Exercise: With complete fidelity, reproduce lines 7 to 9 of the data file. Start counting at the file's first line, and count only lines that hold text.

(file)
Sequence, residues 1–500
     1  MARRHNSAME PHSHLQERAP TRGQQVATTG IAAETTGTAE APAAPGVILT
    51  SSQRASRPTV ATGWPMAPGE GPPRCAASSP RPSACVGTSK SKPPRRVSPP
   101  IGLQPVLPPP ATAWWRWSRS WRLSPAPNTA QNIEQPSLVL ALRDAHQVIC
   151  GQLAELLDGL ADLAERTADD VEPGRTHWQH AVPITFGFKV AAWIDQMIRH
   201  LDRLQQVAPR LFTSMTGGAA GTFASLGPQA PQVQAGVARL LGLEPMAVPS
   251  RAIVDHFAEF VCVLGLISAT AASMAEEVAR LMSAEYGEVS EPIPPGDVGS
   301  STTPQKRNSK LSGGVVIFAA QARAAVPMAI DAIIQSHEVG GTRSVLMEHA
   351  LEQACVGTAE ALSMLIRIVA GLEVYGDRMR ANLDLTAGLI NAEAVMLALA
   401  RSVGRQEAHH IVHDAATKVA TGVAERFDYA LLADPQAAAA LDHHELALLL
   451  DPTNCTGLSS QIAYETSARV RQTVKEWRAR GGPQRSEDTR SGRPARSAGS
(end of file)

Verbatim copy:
   251  RAIVDHFAEF VCVLGLISAT AASMAEEVAR LMSAEYGEVS EPIPPGDVGS
   301  STTPQKRNSK LSGGVVIFAA QARAAVPMAI DAIIQSHEVG GTRSVLMEHA
   351  LEQACVGTAE ALSMLIRIVA GLEVYGDRMR ANLDLTAGLI NAEAVMLALA